Aperture-Priority AE - The Aperture-Priority AE auto mode is where the shutter speed is set automatically by the camera based on the lens aperture opening. You can use either ESP or OTF metering here.

Manual Exposure - In Manual Exposure mode, both the aperture and the shutter speed are yours to control, and on the OMs, you know exactly where the Shutter Speed and Lens Aperture rings are. You should be using OTF metering here.

Auto Flash Exposure - Olympus T-Series flash units will work on the OM-40 in whichever shooting mode the camera was set to, either Programmed AE, Aperture-Priority AE, or Manual Exposure. To shoot in the Manual Exposure, set the shutter speed to 1/60 second or lower, and the lens aperture accordingly, the flash will always fire at full power.


Multiple Exposure

Do it the 'old-school' way. First, take up the film slack by using the Rewind Crank, next, use the Film Advance Lever to crank the shutter while pressing the Rewind Release Button. There is no guarantee that the film frame will not move in this exercise.


Mirror Lockup

Mirror lockup, for vibration free shots, or a selfie, is activated via the Self-Timer mode. Have the camera placed on a solid surface or locked onto a tripod, advance the film frame, pull the Self-Timer Lever, located beside the Shutter Release button on the front edge of the top plate, back until it clicks, and press the Shutter Release button. The Self-Timer delay is 12-seconds.


Battery

The Olympus OM-40 requires a pair of SR44 or LR44 button cells to operate. The SR44s should last a bit longer but are often stocked, the LR44s should last about 6 months. Do run the Battery Check often enough to ensure that the batteries are in good condition.


Using The Camera

With a body weight of 460 gram and 165 grams for a Zuiko Auto-S 50mm f/1.8, the OM-40 is light enough to carry around and should not put too much strain on your hands or neck. It's compact and ergonomic body design add to its appeal, it's solid and robust build adds to its strength, it's straightforward and functional layout adds to its ease of use, and its intelligence tops it all.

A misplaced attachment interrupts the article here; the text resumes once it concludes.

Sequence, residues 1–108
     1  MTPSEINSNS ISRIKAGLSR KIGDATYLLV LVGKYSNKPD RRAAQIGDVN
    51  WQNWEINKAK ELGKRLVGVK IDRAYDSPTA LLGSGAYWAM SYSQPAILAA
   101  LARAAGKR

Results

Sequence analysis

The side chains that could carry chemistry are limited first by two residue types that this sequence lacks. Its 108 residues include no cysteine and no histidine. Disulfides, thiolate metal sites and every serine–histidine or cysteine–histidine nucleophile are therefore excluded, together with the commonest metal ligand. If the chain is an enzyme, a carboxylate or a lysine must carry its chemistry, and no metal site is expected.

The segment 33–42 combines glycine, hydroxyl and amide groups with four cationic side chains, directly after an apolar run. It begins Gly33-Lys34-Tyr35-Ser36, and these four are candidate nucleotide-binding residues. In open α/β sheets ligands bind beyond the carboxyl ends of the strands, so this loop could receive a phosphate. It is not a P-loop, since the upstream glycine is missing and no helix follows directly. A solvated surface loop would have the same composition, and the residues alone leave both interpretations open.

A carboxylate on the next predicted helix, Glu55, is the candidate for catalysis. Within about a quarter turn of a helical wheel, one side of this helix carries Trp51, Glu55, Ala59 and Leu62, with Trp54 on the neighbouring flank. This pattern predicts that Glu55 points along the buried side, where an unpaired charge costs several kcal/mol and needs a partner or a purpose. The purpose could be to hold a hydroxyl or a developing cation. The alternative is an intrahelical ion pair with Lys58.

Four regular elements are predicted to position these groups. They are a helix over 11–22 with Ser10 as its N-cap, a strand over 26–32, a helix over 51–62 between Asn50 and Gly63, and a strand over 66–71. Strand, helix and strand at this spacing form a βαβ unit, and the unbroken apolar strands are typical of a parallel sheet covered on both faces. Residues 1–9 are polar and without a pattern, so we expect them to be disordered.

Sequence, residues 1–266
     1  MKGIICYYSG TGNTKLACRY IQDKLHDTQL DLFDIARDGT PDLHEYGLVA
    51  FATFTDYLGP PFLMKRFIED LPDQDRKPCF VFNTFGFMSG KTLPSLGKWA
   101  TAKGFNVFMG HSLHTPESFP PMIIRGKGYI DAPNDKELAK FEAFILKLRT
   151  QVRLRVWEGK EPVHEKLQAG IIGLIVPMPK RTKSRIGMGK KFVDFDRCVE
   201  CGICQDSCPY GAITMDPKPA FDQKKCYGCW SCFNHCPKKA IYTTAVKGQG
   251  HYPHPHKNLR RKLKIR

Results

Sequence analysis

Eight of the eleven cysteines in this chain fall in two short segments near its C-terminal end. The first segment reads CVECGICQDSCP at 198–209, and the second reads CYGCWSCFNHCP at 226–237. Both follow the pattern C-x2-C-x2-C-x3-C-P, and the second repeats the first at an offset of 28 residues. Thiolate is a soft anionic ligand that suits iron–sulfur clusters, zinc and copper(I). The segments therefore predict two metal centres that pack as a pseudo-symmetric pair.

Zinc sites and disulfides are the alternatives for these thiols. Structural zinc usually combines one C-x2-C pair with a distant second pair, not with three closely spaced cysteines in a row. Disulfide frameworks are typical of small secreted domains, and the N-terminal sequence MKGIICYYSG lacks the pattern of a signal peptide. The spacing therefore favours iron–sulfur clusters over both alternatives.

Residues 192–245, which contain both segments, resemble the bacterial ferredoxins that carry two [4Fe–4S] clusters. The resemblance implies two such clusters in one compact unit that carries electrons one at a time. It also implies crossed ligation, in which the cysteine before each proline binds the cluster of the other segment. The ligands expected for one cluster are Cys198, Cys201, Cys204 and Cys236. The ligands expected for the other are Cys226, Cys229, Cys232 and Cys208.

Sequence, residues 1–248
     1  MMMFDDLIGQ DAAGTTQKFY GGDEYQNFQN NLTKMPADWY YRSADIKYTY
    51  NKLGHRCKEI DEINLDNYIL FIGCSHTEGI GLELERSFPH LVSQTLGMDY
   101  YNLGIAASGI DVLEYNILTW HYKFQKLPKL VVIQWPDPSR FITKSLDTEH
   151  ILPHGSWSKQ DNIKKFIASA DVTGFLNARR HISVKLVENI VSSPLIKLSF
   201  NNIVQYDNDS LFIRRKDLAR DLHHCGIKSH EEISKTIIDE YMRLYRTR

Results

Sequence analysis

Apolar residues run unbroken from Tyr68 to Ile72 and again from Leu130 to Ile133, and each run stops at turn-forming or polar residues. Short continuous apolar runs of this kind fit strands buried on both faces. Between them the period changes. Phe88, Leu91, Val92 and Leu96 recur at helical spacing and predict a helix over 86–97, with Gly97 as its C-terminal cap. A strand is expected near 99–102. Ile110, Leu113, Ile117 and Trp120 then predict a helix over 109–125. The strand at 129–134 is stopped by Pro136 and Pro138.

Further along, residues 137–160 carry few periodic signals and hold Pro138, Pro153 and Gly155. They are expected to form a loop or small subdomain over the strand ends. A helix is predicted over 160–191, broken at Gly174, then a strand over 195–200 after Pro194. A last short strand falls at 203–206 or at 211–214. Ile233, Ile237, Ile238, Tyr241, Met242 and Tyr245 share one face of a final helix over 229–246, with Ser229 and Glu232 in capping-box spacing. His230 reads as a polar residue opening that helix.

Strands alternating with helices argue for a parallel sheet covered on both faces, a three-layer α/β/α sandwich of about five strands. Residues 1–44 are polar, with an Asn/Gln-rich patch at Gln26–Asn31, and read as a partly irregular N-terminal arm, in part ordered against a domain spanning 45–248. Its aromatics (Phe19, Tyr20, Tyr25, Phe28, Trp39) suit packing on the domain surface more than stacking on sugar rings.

Olympus OM-40 35mm SLR Film Camera

Not without its faults, the OM-40 sets itself apart from the rest of the OM clan with its sculptured rubberized body. With its unique ESP Metering system, which almost doubles up like the spot-metering mode on the OM-2S, and you will still get a camera with focus-and-shoot simplicity. Back in the OTF Light Metering mode, you are head-to-head with the other OM-2s, and you will still get a camera which will suit all your creative options.

On the unit I was using, as of the images shown here, the Shutter Speed Ring was a bit stiff and the click stops at each speed setting was not quite apparent. The film advance does feel a bit ratchety, the 'clunk-and-thump' of the mirror flip and shutter actuation, though assuringly closer to that smooth soothe of the OM-1s and OM-2s rather than that of the OM-10, can do with a little bit more damping.

On the film back, the light seal of the film window was dry and brittle with one end completely missing, I had this redone to ensure that there are no light leaks into the film box. There was also talk about excessive battery drain, and the rubberized back going gooey and gunky. I have yet to see either on my unit, and the sheen as you see in the images are the result of a dab of dashboard shine (car care product).

Just for the fun, if you interested in one, the OM-40 is easily available on auction sites, always at a price just right, match it to any manual focus Zuiko you have on the side, and I am sure you will end up in pure delight.



Resource Links:
Olympus OM-40 35mm slr camera - Simon Hawketts' Photo Blog
Olympus OM40 or OMPC